The 3.5-liter V6 engine is strong, and the Maxima accelerates with real authority on the freeway. Although CVTs usually aren't that satisfying from a performance standpoint, we appreciate the fact that the Maxima includes a manual mode that simulates a conventional six-speed automatic transmission with six fixed ratios that you can select manually. This mode is particularly enjoyable to use in SV models with paddle shifters.
While the Nissan Maxima's interior design does not look as fresh as that of many of its competitors, it does feel reasonably upscale. Materials quality is outstanding, and especially when loaded with all of the options, the Maxima's cabin comfort rivals that of some Infiniti and Acura models.
The seats are comfortable both in front and in the rear, with support and plenty of room. The Maxima is one of the only non-luxury brand vehicles to offer optional rear bucket seats (part of the Premium package) with a console that effectively limits head count to four but adds a feel of premium exclusivity to the rear seating area.
The Maxima's available technology features are exceptionally easy to use. The iPod interface is one of the best we've encountered; there's no learning curve, since the text categories exactly mirror Apple's. The interface is also notably quick, whether it's reading a device or accessing the various menus. The Maxima's optional navigation system is similarly pleasant to use, offering quick response and recalculation times.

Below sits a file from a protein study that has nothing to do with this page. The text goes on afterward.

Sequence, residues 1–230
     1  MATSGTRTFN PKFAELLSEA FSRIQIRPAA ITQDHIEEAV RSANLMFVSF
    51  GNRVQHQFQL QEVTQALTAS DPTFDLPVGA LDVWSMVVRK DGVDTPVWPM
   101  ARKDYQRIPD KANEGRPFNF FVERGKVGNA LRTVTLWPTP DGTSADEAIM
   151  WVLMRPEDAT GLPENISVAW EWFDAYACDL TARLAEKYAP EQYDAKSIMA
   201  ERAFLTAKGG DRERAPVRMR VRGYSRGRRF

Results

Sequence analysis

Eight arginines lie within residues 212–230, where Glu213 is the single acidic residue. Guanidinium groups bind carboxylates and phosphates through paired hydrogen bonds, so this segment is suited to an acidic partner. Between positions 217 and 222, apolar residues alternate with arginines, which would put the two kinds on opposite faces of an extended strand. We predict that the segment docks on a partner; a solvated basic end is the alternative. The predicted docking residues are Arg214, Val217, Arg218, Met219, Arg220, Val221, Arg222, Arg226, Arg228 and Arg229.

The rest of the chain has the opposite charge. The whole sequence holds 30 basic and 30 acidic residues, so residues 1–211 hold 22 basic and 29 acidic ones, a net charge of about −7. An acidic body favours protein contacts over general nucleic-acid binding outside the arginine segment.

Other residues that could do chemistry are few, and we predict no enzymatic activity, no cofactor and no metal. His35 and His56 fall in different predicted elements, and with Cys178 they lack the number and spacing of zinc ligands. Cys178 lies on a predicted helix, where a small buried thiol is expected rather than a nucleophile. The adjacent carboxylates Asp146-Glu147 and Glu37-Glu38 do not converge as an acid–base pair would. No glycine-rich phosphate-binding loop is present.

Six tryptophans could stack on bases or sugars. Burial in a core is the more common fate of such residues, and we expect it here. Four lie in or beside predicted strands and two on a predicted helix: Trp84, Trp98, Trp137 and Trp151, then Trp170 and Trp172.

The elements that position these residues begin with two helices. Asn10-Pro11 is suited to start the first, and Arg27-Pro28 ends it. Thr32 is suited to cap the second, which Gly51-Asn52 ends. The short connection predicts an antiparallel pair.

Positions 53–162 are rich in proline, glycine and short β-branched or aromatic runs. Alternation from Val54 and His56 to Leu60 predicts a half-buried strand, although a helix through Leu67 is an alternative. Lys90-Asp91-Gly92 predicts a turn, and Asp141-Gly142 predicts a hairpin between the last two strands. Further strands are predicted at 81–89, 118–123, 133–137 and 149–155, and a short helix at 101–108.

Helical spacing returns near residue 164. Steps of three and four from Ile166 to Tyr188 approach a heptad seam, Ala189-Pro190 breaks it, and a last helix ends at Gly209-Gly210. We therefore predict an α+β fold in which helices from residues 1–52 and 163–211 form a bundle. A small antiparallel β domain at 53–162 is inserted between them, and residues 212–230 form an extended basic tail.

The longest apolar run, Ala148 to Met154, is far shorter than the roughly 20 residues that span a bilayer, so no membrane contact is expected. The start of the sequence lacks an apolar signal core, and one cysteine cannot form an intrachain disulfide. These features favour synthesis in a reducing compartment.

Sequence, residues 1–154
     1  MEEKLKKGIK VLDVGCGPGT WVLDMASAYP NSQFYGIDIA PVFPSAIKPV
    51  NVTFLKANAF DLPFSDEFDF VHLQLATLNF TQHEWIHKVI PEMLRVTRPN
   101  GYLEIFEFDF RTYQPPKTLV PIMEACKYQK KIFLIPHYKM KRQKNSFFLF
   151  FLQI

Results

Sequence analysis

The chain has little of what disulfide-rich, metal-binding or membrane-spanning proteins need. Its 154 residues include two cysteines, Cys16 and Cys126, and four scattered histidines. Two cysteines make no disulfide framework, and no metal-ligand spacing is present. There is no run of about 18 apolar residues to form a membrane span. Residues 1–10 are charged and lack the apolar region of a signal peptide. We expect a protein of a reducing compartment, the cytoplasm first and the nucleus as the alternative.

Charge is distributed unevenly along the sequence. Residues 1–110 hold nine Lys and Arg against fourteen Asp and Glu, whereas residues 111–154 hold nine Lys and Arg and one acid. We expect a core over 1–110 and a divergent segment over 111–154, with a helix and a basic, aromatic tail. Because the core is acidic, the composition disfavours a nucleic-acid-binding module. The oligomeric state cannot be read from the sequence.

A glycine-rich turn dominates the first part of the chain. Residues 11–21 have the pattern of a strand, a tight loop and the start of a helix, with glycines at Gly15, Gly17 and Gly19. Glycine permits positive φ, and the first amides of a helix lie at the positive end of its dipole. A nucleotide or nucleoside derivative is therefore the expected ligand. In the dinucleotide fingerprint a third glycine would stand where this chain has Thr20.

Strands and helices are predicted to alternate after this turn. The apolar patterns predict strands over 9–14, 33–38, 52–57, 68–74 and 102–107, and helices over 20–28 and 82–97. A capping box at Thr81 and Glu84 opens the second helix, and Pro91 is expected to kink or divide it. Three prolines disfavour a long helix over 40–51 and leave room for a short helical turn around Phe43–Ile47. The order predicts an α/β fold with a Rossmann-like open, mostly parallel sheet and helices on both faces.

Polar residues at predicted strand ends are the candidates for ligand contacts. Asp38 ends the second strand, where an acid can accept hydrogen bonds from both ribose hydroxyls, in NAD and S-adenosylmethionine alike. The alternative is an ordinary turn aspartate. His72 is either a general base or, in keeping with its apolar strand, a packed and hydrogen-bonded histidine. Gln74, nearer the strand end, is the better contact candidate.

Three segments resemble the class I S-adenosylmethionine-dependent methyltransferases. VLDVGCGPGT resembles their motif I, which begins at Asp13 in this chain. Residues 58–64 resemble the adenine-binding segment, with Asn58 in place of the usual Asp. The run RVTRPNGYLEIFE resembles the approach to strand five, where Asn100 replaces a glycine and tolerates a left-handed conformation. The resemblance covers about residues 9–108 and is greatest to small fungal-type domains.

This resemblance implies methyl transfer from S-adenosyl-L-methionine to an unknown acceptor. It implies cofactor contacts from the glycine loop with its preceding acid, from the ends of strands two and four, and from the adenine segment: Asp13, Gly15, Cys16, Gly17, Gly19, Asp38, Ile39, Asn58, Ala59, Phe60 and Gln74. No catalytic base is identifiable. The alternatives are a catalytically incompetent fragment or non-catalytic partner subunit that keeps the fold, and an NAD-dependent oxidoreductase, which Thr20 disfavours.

Trunk capacity is 14.2 cubic feet: decent enough, but less impressive than what's offered by full-size rivals.
edmunds expert review process
This review was written by a member of Edmunds' editorial team of expert car reviewers. Our team drives every car you can buy. We put the vehicles through rigorous testing, evaluating how they drive and comparing them in detail to their competitors.
We're also regular people like you, so we pay attention to all the different ways people use their cars every day. We want to know if there's enough room for our families and our weekend gear and whether or not our favorite drink fits in the cupholder. Our editors want to help you make the best decision on a car that fits your life.